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The 551st Electronic Systems Wing (551 ELSW) is a wing of the United States Air Force whose focus is on 'behind the scenes' electronic work. Located at Hanscom Air Force Basemarker, Massachusettsmarker, they work on AWACS, Joint STARS, MP-RTIP, Mission Planning, and weather systems.

Now responsible for the development and sustainment of command and control systems, the 551st ELSW takes its designation from a wing that laid the foundation for modern-day airborne surveillance.



  • Established as 51 Transport Wing on 30 May 1942
Activated on 1 Jun 1942
Redesignated 51 Troop Carrier Wing on 4 Jul 1942
Inactivated on 5 Jan 1948
Disestablished on 15 Jun 1983
  • Reestablished, and consolidated (31 Jul 1985), with 551 Airborne Early Warning and Control Wing, which was established on 11 Oct 1954
Activated on 18 Dec 1954
Inactivated on 31 Dec 1969
  • Redesignated 551 Airborne Warning and Control Wing on 31 Jul 1985
Consolidated (6 Apr 2006), with the Battle Management Systems Wing, which was established on 23 Nov 2004.
Activated on 17 Dec 2004
Redesignated 551 Electronic Systems Wing on 17 Apr 2006.


Attached to: XII Troop Carrier Command [Provisional], 21 Mar 1943-19 Feb 1944
Attached to: IX Troop Carrier Command [Provisional], 16 Jul-c. 25 Aug 1944
  • AAF Service Command, Mediterranean Theater of Operations, 15 Aug 1945


  • 302 Transport: attached 4 Sep-c. 9 Dec 1945


  • 960 Airborne Early Warning and Control: 8 Mar 1955-31 Jul 1969
  • 961 Airborne Early Warning and Control: 18 Dec 1954-31 Dec 1969
  • 962 Airborne Early Warning and Control: 8 Jul 1955-31 Dec 1969
  • 966 Airborne Early Warning and Control: 1 Feb 1962-1 May 1963; 1 Jul-15 Nov 1969
  • 4753 Air Defense (Training): 22 Apr 1968-31 Dec 1969.


Aircraft assigned


Activated at Pope Field, NC, on 1 Jun 1942. Moved to England, Aug-Sep 1942, and trained for the invasion of North Africa. Operated with Twelfth Air Force in North Africa and the Mediterranean area from Nov 1942 to May 1945. Scheduled transportation of supplies, ammunition and personnel to the front. Directed paratroop and supply drops. Set up system of air evacuation of the wounded. In May 1943 added a training program for combat crews in night formations, glider towing, night navigation and over-water flights in preparation for the invasion of Sicily in Jul 1943. Later directed glider operations for the invasion of Italy in Sep1943 and Southern France in Aug 1944. Lost all components and became non-operational in early Jun 1945.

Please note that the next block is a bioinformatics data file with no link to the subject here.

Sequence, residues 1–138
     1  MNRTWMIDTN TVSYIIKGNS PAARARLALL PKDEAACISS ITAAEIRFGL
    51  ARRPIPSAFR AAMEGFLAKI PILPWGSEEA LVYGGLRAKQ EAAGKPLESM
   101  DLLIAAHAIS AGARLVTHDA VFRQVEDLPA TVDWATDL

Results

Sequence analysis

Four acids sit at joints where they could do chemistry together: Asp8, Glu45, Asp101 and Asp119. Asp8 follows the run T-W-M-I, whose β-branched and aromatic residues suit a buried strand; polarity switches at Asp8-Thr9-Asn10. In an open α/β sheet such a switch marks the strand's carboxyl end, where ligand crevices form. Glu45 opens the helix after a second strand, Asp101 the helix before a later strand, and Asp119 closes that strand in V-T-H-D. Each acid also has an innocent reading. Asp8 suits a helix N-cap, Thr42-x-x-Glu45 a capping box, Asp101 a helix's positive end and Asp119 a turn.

Moved to Germany in late Aug 1945 and provided the basis for creation of the European Air Transport Service (Provisional) which operated under USAFE to establish air routes and carry passengers and cargo throughout western Europe and the Mediterranean, 4 Sep 1945-20 Dec 1947. Wing inactivated 5 Jan 1948

Cold War period

The 551st Airborne Early Warning and Control Wing, established and activated in 1954, was charged with tracking air and sea activity along the United Statesmarker eastern seaboard.

The wing received its first airborne asset March 2, 1955, when an RC-121D landed at Otis Air Force Basemarker. The plane was the first of many assigned to the 551st to patrol the skies over much of the Atlantic Ocean. The RC-121D was eventually upgraded to the EC-121H Warning Star in 1963.

The newer model supplanted the slower voice and manual Teletype data relay system previously employed by the RC-121D and instead provided instantaneous automated relay of air defense surveillance and early-warning information by data-link directly to ground-based communication facilities.